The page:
Well, we sure didn't get a pop on Monday, as I had hoped. Instead, it was a session of nothingness -- with the exception of the now-out-of-favor Apple (AAPL). Let's face it: As I noted months ago, a market obsessed with one stock is not healthy, so -- ignoring Apple's plunge -- I would label Monday's action as bullish.
In fact, I would even note that the Nasdaq's volume breadth has been positive for eight out of the last 10 days. That's good. But it also makes the market overbought.
What I find most curious about this market is that the price has hardly budged. On the first day of the new year, the S&P 500 closed at 1462, and today it stands at 1470. That's 8 points in eight trading days. How about the Russell 2000, which everyone now seems to love? The index has risen 5 points since the start of the year. Yet, for all this sideways action, the sentiment has gotten incredibly complacent.
Several times now, I have highlighted the 30-day moving average of the equity put-call ratio. Now, the session's reading Monday -- which, might I remind you, was a day the market went nowhere -- came in at 52%, a typically low (and bearish) reading. We've already discussed the index put-call ratio; that has now been under 100% for five trading days in a row.
Then there is the sentiment chart that tracks the bloggers on the Internet. You can see how low it is on the chart below -- the bears have dipped under 15% for the first time since 2011.
On the S&P chart below, I have circled the three times we saw the bears dip down to this level in the last two years. The index did not fall immediately in these instances -- it actually spent a bit of time trying to go higher -- but, in the end, upside was limited and down the market went.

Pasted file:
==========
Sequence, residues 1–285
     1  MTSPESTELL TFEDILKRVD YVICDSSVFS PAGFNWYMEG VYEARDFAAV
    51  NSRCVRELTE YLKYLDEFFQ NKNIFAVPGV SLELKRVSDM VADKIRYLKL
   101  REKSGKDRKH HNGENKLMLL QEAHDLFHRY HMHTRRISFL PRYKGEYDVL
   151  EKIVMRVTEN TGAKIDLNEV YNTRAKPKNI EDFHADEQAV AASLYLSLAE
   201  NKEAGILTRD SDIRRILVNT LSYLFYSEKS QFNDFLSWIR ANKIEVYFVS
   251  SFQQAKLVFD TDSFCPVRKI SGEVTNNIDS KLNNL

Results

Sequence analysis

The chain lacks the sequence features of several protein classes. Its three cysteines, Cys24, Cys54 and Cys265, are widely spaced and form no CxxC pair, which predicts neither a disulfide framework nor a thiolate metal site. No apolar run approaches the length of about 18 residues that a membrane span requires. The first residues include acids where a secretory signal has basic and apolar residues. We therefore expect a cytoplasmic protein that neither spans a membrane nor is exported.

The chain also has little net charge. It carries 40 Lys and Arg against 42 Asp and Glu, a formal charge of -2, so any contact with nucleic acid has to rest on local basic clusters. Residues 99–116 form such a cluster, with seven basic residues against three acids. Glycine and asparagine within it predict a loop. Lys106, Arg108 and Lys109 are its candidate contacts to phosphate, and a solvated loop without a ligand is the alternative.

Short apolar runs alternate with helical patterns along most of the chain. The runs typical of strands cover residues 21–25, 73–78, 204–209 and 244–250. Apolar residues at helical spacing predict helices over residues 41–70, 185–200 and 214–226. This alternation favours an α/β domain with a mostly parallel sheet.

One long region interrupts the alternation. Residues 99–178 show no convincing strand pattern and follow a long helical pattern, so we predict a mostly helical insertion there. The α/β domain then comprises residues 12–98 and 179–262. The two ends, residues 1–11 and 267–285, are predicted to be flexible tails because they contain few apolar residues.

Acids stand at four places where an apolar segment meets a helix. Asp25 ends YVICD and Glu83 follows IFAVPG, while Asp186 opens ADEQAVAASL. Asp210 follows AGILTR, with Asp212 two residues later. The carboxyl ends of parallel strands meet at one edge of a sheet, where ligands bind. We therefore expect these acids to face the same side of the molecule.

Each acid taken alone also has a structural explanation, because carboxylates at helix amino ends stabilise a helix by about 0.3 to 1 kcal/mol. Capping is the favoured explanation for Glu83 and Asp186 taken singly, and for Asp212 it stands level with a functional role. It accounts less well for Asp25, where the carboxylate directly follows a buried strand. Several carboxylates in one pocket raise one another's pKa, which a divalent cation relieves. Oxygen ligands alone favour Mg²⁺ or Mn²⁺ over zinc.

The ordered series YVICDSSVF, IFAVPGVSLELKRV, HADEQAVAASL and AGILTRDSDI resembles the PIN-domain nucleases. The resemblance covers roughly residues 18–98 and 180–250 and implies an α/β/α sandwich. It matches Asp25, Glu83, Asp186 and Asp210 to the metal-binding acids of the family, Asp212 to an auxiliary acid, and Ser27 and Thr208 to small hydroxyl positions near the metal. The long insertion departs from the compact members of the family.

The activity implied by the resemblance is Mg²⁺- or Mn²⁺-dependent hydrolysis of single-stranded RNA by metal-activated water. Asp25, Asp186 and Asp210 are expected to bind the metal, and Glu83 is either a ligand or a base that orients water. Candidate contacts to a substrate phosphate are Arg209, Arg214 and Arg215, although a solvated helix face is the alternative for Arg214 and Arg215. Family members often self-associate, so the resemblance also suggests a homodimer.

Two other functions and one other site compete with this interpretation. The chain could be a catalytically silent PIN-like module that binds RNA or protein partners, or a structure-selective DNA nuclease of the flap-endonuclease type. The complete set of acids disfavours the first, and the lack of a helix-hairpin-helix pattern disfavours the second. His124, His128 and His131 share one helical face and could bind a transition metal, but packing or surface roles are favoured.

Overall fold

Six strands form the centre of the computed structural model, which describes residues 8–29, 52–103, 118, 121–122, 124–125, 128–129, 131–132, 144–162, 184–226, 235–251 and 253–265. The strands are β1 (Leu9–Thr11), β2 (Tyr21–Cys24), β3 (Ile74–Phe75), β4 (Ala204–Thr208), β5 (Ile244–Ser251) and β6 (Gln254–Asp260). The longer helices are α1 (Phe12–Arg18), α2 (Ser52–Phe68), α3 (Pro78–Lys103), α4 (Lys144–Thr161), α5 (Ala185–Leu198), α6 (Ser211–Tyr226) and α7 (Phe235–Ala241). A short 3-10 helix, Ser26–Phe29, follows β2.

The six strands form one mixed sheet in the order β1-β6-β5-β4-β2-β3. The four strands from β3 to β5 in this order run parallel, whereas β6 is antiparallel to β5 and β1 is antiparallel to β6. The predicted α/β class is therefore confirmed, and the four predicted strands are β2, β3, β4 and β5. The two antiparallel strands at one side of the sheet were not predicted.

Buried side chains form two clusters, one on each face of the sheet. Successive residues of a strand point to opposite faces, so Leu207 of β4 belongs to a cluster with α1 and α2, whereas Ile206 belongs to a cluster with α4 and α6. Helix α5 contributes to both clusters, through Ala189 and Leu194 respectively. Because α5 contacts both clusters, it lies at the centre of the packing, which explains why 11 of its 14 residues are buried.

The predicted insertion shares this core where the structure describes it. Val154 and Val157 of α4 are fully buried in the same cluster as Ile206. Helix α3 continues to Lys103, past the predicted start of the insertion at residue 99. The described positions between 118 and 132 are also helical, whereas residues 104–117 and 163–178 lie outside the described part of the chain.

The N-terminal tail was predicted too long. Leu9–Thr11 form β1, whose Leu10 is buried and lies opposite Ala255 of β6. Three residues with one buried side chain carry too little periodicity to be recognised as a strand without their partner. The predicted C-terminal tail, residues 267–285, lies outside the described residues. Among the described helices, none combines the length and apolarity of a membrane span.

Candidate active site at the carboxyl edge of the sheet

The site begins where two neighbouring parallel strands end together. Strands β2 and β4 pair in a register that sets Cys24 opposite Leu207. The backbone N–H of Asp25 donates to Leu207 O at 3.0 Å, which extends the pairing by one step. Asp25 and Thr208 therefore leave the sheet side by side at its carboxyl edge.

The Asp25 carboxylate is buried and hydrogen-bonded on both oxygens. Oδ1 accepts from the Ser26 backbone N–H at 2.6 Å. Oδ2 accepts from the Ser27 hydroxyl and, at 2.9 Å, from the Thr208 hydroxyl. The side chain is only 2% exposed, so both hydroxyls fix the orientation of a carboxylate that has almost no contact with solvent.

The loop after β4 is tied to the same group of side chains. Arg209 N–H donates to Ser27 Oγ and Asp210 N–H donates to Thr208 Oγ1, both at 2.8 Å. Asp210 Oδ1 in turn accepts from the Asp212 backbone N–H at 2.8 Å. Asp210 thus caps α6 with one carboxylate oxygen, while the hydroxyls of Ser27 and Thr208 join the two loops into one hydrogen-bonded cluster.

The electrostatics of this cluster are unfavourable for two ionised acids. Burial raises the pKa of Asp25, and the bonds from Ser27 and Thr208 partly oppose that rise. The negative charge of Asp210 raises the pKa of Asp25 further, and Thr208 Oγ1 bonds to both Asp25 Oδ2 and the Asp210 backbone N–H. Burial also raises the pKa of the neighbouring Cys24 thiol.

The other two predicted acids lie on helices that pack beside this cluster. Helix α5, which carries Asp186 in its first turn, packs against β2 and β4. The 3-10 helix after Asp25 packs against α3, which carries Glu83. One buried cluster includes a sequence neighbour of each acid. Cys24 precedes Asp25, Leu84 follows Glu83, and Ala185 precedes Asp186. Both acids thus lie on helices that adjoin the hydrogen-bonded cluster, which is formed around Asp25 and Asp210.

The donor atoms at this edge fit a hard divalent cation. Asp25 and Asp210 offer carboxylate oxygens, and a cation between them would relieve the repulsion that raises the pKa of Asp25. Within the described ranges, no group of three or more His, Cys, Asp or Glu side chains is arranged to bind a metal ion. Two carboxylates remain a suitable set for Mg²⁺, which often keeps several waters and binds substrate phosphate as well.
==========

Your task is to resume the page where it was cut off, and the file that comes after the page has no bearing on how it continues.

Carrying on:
If you wanted to ignore this, you could say the bullish percentage was in the 60% area in two out of the three times the low bear ratio mattered -- and that current levels are not quite as high as this. The only time the bullish percentage was still in the 50s was June of 2011, and the forthcoming decline did not arrive until August. Still, no matter how you look at, complacency appears to be running high right now.
In the meantime, some bank earnings are due out this week, and the financials are the most recommended group of the year so far. The KBW Bank Index had better start behaving better than it's been doing, as they have underperformed the S&P since the second trading day of the year.
Sentiment is already a bit too giddy -- so if we lose the banks, Apple breaking $500 won't be the only thing folks are fretting over.